The provincial government has approved a new consumption and treatment services site for Kitchener, bringing the total number of approved sites in Ontario to 16.
The Kitchener facility, the first of its kind for the Waterloo Region, opened its doors Oct. 15 and received approval for permanent funding the same day. The site is a result of joint efforts between the Region of Waterloo’s Public Health and Emergency Services, Sanguen Health Centre and other partners.
Ontario has been facing an increase in the harms related to opioids, with growing numbers of emergency room visits, hospitalizations and fatal overdoses. Opioids have become the leading cause of death for people aged 30 to 39 in Canada. The latest data from Public Health Ontario revealed 1,473 people died from opioid-related causes in 2018 in Ontario, a 17 per cent increase since 2017. Of these, an estimated 53 died in Waterloo Region in 2018, and 86 in 2017. As of August 2019, 46 people were estimated to have died already this year in the Waterloo Region.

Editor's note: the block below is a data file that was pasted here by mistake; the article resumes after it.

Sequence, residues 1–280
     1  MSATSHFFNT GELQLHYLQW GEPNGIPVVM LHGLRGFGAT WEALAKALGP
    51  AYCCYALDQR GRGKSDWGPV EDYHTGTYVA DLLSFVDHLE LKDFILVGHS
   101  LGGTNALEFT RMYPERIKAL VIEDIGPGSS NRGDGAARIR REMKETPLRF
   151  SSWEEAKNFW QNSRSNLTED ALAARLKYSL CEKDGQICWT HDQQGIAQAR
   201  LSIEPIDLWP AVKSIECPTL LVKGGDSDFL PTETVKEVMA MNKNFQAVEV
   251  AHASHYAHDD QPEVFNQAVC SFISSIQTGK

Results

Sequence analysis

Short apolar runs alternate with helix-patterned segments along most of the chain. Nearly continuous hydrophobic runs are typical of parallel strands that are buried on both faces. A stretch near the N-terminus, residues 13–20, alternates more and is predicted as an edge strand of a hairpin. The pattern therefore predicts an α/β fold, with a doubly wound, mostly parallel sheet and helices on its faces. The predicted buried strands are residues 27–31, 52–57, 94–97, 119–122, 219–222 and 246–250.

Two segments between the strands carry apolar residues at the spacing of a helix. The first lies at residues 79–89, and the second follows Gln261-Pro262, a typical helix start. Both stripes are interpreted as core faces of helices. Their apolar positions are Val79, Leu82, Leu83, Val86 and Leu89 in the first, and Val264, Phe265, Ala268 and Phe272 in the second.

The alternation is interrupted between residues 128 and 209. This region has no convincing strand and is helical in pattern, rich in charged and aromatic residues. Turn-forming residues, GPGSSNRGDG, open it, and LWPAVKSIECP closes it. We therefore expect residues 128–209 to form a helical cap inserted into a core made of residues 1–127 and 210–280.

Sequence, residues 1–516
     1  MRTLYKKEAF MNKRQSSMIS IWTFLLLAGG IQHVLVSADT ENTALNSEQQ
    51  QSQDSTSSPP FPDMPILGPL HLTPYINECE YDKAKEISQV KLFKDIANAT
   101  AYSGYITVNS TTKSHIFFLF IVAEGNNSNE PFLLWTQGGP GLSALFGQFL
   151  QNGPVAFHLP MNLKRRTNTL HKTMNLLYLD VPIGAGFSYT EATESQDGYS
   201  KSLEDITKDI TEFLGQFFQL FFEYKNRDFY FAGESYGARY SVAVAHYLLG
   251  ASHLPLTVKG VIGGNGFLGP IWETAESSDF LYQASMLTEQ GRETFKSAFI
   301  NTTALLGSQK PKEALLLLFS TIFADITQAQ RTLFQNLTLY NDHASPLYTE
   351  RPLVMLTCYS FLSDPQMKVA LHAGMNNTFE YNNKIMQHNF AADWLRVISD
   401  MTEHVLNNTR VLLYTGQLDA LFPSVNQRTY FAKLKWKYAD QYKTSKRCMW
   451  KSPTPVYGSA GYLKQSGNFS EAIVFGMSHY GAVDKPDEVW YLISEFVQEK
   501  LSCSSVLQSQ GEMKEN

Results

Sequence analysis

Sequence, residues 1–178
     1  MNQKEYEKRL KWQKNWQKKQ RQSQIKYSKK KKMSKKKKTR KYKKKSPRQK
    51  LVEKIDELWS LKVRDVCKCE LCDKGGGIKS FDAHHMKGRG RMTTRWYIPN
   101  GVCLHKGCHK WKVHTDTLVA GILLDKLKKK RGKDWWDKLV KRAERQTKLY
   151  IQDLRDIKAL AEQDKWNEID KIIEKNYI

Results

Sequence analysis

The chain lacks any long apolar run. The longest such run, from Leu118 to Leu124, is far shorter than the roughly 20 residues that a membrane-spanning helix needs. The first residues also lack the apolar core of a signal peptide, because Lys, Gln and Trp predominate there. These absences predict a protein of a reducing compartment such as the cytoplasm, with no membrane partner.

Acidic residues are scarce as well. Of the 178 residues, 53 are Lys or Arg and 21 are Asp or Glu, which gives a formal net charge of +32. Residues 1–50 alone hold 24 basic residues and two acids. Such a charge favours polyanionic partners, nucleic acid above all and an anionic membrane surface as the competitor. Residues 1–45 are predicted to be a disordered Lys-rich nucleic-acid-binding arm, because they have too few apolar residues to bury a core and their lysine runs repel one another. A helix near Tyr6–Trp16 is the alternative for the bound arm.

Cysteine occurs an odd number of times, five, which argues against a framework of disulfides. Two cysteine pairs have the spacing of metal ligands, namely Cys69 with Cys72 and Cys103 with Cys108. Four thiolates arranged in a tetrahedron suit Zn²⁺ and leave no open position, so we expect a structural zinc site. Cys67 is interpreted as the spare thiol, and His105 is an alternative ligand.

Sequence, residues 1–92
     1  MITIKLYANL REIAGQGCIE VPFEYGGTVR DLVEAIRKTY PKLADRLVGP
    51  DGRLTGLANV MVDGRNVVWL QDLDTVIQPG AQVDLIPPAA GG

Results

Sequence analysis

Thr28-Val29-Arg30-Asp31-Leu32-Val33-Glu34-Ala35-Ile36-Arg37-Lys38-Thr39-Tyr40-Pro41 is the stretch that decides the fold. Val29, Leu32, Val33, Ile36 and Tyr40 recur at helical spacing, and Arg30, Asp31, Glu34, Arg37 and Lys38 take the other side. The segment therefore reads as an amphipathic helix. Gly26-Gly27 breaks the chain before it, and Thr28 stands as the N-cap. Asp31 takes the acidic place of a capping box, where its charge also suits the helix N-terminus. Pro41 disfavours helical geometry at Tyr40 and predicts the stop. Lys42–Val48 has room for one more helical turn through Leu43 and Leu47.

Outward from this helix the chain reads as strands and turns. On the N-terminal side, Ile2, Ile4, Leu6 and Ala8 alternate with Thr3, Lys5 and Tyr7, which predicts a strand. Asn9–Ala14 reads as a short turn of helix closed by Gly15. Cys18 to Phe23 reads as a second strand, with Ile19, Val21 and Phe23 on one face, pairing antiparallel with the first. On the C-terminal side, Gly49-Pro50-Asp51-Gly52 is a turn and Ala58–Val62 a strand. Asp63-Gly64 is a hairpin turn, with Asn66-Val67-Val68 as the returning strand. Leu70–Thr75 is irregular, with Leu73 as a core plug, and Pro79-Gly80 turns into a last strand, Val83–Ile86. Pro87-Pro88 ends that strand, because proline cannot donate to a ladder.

Consumption and treatment services provide safe spaces for people to use substances in a monitored and hygienic environment, reducing harms related to overdose, disease transmission, infections and public substance use. The sites provide connections to medical attention, counselling and social services for people living with substance use challenges. They are based in a harm reduction framework, an evidence-based approach to addressing the potential harms related to substance use, which research shows results in long-term savings for the health care system.
Canadian Mental Health Association (CMHA), Ontario Division is supportive of the consumption and treatment services model introduced by the provincial government, particularly the move to strengthen ties to community-based agencies that provide wraparound supports. As part of the larger initiative to help fight opioid overdoses, CMHA Ontario has developed a naloxone toolkit, an easy-to-understand resource to help organizations and individuals identify signs of an opioid overdose and deliver potentially life-saving naloxone.